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Mr. Denham: In accordance with the Dismantling Barriers Action Plan (issued July 1999), the Home Office plans, in consultation with Association of Chief Police Officers and other police interests, to deliver the new national medical and eyesight standards for police recruitment next year. These will be researched to ensure they are job related, defensible and non-discriminatory, and take account of the proposed extension of the Disability Discrimination Act 1995 to police officers.
Mr. Cox: To ask the Secretary of State for the Home Department how many police officers who were serving within the Metropolitan police and were dismissed from the service because of misconduct in each of the last three years, are now in receipt of a police pension. 
Mr. Denham: The Commissioner of Police of the Metropolis informs me that of 31 May 2001 the Metropolitan police employed a total of 25,615 officers. The breakdown of police officers who were dismissed or required to resign from the Metropolitan police because of misconduct in each of the last three years and are now in receipt of a police pension, is as follows:
|Year||Dismissed||Required to resign|
Under Regulation K5 of the Police Pensions Regulations 1987, a police authority can seek a certificate for forfeiture of pension, although the courts have ruled that the pension may be forfeited by no more than 75 per cent., the remainder reflecting a pensioner's own contributions. In respect of those officers dismissed or required to resign from the Metropolitan police since 1998, the Metropolitan Police Authority has submitted one request for forfeiture of pension, for which a certificate was issued in November 2000. However, the Metropolitan Police Authority are currently considering a further 12 cases for forfeiture of pension.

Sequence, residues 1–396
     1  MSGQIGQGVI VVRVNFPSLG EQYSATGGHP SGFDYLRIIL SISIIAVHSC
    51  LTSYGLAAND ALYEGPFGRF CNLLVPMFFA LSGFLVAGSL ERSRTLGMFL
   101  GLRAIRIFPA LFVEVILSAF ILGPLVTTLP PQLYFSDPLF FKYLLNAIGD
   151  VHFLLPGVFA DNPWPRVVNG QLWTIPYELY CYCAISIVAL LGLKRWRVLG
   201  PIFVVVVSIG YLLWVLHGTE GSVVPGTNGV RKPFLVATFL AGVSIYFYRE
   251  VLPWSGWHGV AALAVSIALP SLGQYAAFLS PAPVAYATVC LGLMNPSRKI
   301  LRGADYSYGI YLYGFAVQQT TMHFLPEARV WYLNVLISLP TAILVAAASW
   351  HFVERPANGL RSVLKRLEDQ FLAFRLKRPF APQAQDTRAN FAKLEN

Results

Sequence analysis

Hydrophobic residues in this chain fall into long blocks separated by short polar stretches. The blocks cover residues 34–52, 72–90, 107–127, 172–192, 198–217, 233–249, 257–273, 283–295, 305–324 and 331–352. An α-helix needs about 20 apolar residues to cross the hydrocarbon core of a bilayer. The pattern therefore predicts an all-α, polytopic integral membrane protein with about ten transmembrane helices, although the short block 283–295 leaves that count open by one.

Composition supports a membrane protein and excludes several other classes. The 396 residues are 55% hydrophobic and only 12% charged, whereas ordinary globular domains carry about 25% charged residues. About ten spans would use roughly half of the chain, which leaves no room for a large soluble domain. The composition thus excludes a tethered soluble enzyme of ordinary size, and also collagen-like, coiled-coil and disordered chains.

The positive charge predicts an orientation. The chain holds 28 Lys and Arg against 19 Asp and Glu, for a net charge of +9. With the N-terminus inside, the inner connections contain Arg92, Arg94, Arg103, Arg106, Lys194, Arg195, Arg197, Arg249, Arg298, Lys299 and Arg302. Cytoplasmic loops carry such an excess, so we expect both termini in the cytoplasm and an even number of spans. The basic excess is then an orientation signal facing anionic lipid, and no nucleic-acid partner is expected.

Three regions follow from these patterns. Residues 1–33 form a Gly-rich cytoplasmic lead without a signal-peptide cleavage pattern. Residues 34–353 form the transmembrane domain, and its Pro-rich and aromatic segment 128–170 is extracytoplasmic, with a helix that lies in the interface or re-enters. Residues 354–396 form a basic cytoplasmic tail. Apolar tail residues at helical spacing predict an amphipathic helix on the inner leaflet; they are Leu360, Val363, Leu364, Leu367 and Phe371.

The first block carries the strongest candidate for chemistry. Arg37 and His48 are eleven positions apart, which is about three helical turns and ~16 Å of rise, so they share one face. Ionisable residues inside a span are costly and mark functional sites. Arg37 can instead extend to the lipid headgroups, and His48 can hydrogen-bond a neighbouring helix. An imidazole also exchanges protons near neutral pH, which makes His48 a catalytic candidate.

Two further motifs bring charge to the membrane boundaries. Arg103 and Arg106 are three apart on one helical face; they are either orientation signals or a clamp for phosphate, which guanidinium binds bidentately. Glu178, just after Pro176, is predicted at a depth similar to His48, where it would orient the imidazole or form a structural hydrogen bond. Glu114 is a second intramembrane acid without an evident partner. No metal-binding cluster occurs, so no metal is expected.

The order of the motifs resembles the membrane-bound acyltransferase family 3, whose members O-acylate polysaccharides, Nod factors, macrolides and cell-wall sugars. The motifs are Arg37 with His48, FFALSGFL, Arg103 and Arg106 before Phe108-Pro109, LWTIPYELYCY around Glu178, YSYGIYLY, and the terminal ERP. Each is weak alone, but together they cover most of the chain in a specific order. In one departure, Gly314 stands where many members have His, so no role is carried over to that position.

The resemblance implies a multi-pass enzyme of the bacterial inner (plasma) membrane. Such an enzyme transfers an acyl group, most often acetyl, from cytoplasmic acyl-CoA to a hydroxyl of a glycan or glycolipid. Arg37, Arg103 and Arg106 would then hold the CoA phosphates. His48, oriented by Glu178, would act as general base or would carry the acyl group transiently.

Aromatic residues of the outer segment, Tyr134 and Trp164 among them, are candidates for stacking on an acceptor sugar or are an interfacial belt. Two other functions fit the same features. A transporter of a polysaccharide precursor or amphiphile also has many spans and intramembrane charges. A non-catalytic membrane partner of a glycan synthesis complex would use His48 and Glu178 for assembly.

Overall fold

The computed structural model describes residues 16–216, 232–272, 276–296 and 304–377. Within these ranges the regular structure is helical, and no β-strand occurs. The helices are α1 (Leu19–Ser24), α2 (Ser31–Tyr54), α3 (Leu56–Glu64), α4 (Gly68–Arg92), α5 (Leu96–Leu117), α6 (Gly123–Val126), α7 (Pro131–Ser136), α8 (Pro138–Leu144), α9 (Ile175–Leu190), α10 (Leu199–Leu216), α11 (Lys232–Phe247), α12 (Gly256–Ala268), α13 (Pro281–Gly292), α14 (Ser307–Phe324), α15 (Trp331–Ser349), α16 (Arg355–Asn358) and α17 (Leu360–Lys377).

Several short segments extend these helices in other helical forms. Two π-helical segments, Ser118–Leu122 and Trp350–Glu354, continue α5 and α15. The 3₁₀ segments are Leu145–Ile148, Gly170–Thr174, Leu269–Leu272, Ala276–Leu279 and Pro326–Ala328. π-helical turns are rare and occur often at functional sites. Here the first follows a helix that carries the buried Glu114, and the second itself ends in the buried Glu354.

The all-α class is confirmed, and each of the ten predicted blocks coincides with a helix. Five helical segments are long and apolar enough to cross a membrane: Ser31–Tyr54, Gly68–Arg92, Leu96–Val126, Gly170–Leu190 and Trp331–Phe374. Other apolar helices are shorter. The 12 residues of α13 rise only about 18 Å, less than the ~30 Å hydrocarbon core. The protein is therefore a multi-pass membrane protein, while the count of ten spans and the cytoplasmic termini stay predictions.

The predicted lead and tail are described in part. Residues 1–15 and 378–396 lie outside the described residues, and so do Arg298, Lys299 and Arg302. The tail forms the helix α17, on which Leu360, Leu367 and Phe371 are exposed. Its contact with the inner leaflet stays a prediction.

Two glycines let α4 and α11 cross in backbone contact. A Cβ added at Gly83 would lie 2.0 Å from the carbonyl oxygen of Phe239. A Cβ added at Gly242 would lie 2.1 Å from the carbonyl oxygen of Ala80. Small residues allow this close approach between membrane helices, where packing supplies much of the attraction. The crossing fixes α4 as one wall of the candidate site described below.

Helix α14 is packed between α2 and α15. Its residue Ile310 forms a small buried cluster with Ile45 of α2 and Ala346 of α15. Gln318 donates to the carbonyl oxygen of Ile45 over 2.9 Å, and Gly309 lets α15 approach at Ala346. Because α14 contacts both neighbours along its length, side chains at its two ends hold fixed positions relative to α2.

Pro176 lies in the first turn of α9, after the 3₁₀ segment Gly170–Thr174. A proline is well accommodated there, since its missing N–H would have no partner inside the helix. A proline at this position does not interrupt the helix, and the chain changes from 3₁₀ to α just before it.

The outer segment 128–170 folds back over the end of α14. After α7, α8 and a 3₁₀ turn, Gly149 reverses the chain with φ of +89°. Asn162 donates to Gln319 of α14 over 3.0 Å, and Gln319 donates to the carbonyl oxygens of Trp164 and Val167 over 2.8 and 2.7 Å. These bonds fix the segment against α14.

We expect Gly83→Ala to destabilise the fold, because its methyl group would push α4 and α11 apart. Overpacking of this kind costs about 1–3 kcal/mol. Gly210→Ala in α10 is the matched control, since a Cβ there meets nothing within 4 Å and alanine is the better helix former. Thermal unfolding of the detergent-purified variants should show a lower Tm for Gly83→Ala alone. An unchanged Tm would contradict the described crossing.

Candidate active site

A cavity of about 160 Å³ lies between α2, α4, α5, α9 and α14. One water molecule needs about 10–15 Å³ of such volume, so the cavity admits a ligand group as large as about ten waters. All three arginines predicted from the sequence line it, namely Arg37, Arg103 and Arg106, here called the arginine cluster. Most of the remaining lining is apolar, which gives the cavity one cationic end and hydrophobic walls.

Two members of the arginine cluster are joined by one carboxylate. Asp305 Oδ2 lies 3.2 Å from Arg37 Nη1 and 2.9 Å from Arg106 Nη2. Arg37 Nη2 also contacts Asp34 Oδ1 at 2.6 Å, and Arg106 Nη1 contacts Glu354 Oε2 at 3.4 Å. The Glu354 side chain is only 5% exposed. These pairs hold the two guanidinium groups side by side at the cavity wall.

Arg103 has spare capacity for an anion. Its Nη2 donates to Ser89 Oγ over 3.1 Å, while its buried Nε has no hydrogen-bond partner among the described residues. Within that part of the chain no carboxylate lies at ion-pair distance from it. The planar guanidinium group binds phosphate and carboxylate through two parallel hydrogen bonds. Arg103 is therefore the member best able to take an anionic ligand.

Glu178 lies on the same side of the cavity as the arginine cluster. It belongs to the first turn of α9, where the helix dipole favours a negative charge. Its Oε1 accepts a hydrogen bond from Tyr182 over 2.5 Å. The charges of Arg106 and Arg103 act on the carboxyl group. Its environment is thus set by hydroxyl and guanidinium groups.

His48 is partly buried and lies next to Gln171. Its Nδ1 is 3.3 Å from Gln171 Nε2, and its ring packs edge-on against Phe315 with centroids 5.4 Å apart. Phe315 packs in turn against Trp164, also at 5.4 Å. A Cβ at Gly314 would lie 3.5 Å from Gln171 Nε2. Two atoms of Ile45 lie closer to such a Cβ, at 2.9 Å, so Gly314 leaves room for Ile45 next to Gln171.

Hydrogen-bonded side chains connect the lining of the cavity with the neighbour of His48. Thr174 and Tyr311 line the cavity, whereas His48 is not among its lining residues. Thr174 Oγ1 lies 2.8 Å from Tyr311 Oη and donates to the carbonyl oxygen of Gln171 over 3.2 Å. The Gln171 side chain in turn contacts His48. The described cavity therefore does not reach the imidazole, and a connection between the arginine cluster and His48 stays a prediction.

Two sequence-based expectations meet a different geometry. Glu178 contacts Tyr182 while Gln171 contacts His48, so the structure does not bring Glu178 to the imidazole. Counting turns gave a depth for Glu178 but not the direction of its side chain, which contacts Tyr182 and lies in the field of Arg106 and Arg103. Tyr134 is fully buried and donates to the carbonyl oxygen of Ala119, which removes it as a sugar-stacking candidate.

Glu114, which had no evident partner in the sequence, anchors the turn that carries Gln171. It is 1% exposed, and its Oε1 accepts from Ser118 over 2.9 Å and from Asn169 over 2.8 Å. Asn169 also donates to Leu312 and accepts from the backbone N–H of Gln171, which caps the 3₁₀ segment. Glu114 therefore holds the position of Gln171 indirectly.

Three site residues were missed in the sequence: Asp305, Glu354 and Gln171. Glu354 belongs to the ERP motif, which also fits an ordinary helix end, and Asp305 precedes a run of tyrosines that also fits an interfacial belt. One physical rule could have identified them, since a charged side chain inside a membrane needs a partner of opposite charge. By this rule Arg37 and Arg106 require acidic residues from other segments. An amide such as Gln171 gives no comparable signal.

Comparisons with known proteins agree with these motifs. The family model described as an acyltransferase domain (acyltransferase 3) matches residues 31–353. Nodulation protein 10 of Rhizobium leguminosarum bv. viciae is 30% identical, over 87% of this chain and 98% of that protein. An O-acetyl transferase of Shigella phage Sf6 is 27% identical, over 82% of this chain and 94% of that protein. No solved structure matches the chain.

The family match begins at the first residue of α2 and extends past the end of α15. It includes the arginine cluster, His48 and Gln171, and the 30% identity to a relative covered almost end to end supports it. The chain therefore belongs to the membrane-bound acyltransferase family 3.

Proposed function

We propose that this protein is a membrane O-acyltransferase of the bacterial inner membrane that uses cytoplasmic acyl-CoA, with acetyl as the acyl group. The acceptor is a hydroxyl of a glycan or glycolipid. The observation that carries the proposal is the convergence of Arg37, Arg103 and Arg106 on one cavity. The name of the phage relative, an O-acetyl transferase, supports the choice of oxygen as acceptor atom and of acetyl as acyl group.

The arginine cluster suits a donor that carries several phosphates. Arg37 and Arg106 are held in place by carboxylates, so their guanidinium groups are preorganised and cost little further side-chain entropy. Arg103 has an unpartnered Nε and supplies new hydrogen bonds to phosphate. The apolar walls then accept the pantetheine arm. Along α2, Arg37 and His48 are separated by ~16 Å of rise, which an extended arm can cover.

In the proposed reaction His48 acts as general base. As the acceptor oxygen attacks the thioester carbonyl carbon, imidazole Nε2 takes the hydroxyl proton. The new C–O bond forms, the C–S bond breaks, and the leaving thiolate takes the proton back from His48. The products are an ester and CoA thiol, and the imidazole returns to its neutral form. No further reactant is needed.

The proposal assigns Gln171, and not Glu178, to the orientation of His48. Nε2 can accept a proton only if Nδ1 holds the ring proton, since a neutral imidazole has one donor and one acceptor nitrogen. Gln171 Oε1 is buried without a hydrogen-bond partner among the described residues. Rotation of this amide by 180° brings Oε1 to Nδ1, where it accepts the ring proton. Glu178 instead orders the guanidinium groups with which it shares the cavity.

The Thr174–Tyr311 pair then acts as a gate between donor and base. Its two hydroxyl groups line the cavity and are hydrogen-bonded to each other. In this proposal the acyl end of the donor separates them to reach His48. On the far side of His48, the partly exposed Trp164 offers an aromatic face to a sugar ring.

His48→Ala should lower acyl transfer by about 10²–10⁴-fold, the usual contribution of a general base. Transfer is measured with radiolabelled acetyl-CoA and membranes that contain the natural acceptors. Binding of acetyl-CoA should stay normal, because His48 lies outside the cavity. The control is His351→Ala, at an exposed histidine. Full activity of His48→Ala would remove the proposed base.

The Home Secretary's statement of 23 March 1998, in response to the Home Affairs Committee Report on police disciplinary and complaints procedures, made it clear that police authorities should look at all cases of police officers who have been convicted of criminal offences
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connected with their police service with a view to forfeiture of their pensions. Further to that statement, Home Office circular 561998, which was sent to the chair/clerk of all police authorities in December 1998, indicated that they should ensure, in co-operation with their police force, that systems should be in place to identify cases to which the forfeiture provisions apply so that appropriate action may be taken. The total number of applications submitted is restricted by the strict criteria that need to be met.
Miss Widdecombe: To ask the Secretary of State for the Home Department if (a) police officers and (b) patrol cars were taken off active duty for the photo opportunity to announce his appointment as Secretary of State for the Home Department; and if he will make a statement. 
Mr. Denham: The Commissioner of Police of the Metropolis tells me that two police officers and one police vehicle were in attendance at the photo-opportunity outside the Home Office on 9 June. These resources remained available for redeployment to security patrol elsewhere in the area.